The theme running our mailbag this morning was one of distress as various investment strategies based around the performance of the junior gold mining sector appear not to be working out as planned. We will take a quick look at the GDXJ to see if we can discern any trends that may help us position our hard earned cash for future growth.
The GDXJ is the Market Vectors Junior Gold Miners ETF, the ticker symbol is NYSEARCA: GDXJ, and it replicates, as far as possible, the performance of the Market Vectors Junior Gold Miners Index. As we see it the attraction of this fund for an investor is the ability in invest in a basket of junior stocks with the view that most of them will make good progress in line with a rally in gold prices and that some of them will eventually become the industries big hitters. For investors looking to find a ten bagger this could well be the place to be. There is also the possibility that the senior mining companies, who do need to keep their own pipeline well stocked, may swoop in with a lucrative offer to takeover some of the more promising members of this fund. The possibilities are exciting and one day we may see a rash of takeover activity in this sector with the corresponding rise in value of this ETF.
However there are some negatives to investing in gold miners such as the huge amount of capital required, rising labor, energy and transport costs, political, managerial, technical and environmental issues all have to be resolved for a mining operation to succeed. The risk of having a larger slice of the profits being taken by a newly elected government are never far away and the risk of being nationalized is also a threat that should be taken into consideration by an investor.
Now if we take a look at the last two years we can see that in January 2011 when gold was trading at around $1400/oz, the GDXJ was trading at around $35.00. Fast forward to today and gold is trading at around $1700/oz and the GDXJ is trading at $21.00. So gold is up 21% and the GDXJ is down about 40%. It can be argued that if we go back to when this fund was launched in late 2010, at a price of around $22.00, it has indeed held its own for 3 years or so. But it should be noted that the price of gold was also a lot cheaper then, trading at around $1200/oz.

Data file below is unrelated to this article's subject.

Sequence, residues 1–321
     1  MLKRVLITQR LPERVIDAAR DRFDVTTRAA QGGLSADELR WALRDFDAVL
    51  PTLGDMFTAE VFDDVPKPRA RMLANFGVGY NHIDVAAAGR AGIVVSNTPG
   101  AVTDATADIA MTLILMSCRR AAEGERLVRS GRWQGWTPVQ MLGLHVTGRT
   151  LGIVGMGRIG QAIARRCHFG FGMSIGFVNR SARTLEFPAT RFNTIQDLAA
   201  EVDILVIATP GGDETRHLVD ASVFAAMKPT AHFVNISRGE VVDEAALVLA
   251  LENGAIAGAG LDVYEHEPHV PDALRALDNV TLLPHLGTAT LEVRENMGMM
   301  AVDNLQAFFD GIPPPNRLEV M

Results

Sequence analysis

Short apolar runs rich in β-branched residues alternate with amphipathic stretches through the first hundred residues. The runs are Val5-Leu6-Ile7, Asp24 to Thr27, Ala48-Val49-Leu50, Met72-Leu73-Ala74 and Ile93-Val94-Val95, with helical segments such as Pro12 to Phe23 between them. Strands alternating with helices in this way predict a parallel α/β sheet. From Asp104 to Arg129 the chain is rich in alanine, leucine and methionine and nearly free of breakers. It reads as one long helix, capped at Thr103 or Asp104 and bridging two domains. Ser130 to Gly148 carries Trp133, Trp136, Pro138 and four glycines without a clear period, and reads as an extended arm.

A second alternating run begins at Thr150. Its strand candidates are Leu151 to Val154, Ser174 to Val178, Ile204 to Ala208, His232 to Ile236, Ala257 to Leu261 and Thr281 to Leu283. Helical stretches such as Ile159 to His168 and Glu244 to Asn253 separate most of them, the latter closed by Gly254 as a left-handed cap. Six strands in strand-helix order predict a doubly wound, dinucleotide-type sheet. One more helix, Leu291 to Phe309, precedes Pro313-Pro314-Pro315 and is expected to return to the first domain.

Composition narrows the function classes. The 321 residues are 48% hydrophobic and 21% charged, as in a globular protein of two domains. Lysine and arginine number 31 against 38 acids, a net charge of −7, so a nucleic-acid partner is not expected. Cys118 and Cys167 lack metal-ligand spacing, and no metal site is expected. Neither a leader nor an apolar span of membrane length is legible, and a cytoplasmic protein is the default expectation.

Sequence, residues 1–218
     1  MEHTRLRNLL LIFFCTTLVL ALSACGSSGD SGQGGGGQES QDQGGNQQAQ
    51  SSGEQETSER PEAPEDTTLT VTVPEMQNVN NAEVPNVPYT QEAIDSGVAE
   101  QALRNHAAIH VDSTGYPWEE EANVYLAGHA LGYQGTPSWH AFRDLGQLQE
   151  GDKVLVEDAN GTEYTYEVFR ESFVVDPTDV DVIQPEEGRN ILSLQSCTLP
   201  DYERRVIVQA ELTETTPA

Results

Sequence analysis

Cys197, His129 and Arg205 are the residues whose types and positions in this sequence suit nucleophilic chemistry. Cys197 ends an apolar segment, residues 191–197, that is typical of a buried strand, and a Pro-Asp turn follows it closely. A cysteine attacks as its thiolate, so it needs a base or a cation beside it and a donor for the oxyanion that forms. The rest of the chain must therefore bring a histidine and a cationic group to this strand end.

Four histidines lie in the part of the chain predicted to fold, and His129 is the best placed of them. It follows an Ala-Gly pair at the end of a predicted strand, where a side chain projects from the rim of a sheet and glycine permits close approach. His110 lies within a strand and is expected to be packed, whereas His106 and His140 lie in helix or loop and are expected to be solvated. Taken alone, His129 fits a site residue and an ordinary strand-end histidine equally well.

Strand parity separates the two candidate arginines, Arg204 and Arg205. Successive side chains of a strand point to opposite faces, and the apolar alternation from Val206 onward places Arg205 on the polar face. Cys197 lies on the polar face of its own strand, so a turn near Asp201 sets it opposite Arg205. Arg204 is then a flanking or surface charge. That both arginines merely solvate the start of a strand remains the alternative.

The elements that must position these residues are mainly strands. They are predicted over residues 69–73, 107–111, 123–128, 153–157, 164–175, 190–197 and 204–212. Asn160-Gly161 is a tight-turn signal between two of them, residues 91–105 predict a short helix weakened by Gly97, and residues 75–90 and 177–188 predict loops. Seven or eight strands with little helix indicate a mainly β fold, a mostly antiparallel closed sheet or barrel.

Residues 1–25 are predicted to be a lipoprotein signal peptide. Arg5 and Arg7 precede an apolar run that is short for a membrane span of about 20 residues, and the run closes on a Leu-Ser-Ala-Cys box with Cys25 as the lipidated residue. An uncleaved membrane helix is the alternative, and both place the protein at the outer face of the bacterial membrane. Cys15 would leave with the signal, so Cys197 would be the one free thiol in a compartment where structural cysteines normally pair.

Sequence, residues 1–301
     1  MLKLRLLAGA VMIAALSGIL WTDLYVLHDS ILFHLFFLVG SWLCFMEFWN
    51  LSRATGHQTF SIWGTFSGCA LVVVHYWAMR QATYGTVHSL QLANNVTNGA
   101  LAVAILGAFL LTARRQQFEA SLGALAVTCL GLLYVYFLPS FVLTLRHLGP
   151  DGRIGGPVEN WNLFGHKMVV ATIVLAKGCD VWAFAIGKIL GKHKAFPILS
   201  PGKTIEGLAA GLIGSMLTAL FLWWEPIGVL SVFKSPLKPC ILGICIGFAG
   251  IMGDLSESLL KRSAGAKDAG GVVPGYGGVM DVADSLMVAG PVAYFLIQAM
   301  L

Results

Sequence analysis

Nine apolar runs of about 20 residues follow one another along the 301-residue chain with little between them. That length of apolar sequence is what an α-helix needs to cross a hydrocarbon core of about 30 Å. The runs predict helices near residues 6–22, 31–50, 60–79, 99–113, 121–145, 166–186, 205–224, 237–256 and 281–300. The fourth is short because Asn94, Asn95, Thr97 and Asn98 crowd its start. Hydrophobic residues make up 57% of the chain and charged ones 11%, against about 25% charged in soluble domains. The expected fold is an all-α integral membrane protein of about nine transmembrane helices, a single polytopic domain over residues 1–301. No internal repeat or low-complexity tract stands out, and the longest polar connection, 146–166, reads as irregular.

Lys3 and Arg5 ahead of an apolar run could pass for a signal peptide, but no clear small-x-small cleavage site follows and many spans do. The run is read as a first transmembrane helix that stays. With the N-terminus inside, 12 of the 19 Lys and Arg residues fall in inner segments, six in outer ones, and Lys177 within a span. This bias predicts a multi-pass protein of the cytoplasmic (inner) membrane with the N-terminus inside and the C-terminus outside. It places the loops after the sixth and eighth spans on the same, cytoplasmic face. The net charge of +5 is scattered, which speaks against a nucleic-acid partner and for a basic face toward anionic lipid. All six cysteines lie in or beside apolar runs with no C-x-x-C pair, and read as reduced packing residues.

Related Article: How to Prepare for the Coming Gold Crunch
As investments go this one is not setting the world on fire and it is hard for us to take a positive view of any investment vehicle that declines when the underlying asset is rising. On the other hand Baron Rothschild once said that “The time to buy is when there's blood in the streets." So, maybe we are now at that point when the damage has been done and this fund is now in the process of forming its lows.
Related Article: Energy Transfer Partners Starting to Catch a Tailwind
For now this investment does not appeal to us but we will observe its progress and report back to you if and when we think a real bargain is on offer. If you are of the opinion that the lows are in and this is now a very good time to invest please feel free to add your opinion, it will help to get some semblance of balance into this debate.
GDXJ trades on the NYSE and has a market capitalization of $2.77 billion; a 52 week high of $30.55 and 52 week low of $20.66, the liquidity is good with more than 3 million shares traded per day.
By. Bob Kirtley
Disclaimer: www.gold-prices.biz or www.skoptionstrading.com makes no guarantee or warranty on the accuracy or completeness of the data provided. Nothing contained herein is intended or shall be deemed to be investment advice, implied or otherwise. This letter represents our views and replicates trades that we are making but nothing more than that. Always consult your registered adviser to assist you with your investments. We accept no liability for any loss arising from the use of the data contained on this letter. Options contain a high level or risk that may result in the loss of part or all invested capital and therefore are suitable for experienced and professional investors and traders only. Past performance is not a guide nor guarantee of future success.